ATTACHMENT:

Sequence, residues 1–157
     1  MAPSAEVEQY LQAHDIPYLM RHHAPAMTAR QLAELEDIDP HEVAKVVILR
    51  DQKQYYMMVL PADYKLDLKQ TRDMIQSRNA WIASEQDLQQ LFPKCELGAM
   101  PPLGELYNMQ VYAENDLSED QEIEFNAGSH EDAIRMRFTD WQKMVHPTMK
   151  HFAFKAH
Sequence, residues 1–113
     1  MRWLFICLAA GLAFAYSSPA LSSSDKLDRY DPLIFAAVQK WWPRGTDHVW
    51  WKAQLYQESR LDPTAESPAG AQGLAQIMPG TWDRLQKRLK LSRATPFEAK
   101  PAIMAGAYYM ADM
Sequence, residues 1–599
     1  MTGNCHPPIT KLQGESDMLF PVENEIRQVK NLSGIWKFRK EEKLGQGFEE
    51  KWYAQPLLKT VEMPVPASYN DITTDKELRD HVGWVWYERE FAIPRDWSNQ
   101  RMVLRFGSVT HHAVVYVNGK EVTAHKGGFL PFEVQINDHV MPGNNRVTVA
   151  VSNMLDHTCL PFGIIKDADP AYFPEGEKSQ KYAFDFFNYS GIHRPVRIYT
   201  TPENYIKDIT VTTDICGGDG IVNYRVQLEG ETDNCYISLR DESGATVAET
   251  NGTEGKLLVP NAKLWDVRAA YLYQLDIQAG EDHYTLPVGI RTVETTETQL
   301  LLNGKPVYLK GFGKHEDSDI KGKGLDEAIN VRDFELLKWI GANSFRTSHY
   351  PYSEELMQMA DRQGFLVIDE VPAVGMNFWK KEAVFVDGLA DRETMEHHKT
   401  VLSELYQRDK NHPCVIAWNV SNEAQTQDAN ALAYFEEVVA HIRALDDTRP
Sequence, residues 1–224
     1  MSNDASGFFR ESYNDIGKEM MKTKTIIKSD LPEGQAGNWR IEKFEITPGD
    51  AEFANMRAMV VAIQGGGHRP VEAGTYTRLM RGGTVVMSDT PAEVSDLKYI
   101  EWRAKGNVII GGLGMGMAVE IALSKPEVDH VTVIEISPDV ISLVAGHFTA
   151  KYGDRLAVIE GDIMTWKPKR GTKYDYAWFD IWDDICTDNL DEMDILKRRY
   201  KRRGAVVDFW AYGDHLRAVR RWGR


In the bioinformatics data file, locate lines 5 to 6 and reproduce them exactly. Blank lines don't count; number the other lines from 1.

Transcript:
   151  HFAFKAH
Sequence, residues 1–113